Driver fatigue, meth to blame in deadly 2015 Tennessee crash: safety panel
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By David Shepardson
WASHINGTON (Reuters) - The driver of a tractor-trailer had used methamphetamine and failed to get adequate rest before a highway crash in Tennessee that killed six people and injured 18, the U.S. National Transportation Safety Board said on Tuesday.
Truck driver Benjamin Brewer's excessive speed and failure to respond to slower moving traffic ahead were also to blame in the deadly crash near Chattanooga in June 2015 that involved seven other vehicles, NTSB chairman Christopher Hart said. The dead included two sisters, age 9 and 11, their mother and grandmother.
Brewer, 40, was driving at least 78 miles per hour in a 55-mph construction zone, had gone without sustained rest for 40 hours prior to the crash in violation of federal rules and failed to brake or to take any evasive action before the crash, the NTSB said after releasing a synopsis of the final report, expected in a few weeks. The NTSB said he had also used methamphetamine before the crash, testing showed.
Erinn O'Leary, an assistant public defender representing Brewer, declined to comment on the NTSB report.
The NTSB said trucking companies need to do a better job of screening drivers. Since 2012, the board has called on the U.S. Transportation Department to require automatic emergency braking in all commercial trucks to prevent rear-end crashes like this one.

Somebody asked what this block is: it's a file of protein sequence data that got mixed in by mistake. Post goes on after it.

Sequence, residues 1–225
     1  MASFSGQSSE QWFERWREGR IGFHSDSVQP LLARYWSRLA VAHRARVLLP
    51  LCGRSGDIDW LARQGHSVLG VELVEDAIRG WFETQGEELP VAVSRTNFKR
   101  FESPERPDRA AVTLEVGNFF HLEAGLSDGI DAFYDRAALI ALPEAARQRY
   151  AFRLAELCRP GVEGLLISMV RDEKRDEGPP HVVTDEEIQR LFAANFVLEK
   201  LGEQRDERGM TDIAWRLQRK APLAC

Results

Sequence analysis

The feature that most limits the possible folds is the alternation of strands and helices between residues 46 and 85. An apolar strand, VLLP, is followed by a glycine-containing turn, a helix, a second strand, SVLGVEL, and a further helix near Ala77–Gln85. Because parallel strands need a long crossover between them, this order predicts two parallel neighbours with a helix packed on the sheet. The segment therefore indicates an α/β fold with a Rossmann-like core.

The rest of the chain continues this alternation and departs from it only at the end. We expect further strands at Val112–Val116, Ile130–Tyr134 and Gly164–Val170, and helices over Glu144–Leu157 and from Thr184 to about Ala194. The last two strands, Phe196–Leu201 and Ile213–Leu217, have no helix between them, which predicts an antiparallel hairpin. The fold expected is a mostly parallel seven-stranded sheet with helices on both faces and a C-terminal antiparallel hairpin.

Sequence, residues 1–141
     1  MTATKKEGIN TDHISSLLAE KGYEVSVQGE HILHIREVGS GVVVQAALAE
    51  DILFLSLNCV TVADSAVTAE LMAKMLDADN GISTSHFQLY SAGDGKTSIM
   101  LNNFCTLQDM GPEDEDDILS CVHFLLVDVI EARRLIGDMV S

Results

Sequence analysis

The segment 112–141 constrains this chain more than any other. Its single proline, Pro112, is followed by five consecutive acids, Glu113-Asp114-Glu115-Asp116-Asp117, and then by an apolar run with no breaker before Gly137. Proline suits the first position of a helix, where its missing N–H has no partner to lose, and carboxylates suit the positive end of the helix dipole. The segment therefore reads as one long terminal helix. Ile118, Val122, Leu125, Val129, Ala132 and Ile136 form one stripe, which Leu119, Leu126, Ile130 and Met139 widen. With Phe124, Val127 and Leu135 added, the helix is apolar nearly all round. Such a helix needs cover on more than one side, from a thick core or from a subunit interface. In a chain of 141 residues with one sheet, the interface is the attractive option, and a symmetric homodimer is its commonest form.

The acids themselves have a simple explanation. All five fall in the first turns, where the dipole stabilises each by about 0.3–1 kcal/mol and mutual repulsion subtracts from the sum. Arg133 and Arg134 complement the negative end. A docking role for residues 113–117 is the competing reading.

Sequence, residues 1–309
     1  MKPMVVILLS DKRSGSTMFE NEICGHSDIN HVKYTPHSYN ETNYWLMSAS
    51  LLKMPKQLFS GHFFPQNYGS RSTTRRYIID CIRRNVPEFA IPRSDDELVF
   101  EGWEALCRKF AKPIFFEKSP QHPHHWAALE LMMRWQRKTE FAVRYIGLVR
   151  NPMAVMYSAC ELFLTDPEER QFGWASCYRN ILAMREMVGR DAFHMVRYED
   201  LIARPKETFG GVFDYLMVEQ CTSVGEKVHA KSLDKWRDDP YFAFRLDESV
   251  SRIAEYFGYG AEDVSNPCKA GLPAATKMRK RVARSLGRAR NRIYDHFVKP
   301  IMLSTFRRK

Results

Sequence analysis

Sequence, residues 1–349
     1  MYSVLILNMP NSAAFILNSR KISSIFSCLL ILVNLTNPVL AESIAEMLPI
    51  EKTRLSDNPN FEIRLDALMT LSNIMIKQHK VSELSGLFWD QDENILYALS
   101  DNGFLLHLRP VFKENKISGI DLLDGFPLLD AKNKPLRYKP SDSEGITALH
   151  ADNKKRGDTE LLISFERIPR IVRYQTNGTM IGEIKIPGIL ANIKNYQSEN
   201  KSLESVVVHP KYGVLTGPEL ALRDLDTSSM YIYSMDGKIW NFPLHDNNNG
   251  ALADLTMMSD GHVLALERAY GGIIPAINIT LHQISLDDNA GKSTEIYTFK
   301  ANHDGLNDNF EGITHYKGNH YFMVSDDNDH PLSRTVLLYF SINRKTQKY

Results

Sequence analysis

The NTSB said while commercial trucks were involved in 11 percent of all fatal crashes they are involved in 30 percent of fatal work zone crashes. "Speed, distraction and impairment are key factors in these crashes," Hart said.
Brewer had been in seven crashes in three states over a four-year period, including four while behind the wheel of a commercial vehicle, the NTSB said.
Three days before the fatal crash, Brewer side-swiped another commercial motor vehicle in Wildwood, Florida, and was issued a citation, the NTSB said.
NTSB Vice Chair T. Bella Dinh-Zarr said the board has been raising the issue of distracted, sleepy, intoxicated and drug-impaired drivers for decades. "This is not a new issue," she said on Tuesday at a meeting where the board voted unanimously to accept the report.
The trucking company, Cool Runnings Express, told the NTSB it was unaware of all but one of the crashes Brewer had been involved in because state records did not list all incidents.
Brewer was indicted by a grand jury in Tennessee in 2015 on 13 charges including six counts of vehicular homicide, driving under the influence of narcotics, speeding and aggravated assault. He is awaiting trial in Tennessee and has a pre-trial hearing set for Oct. 17.
(Reporting by David Shepardson; Editing by Frances Kerry and Lisa Shumaker)
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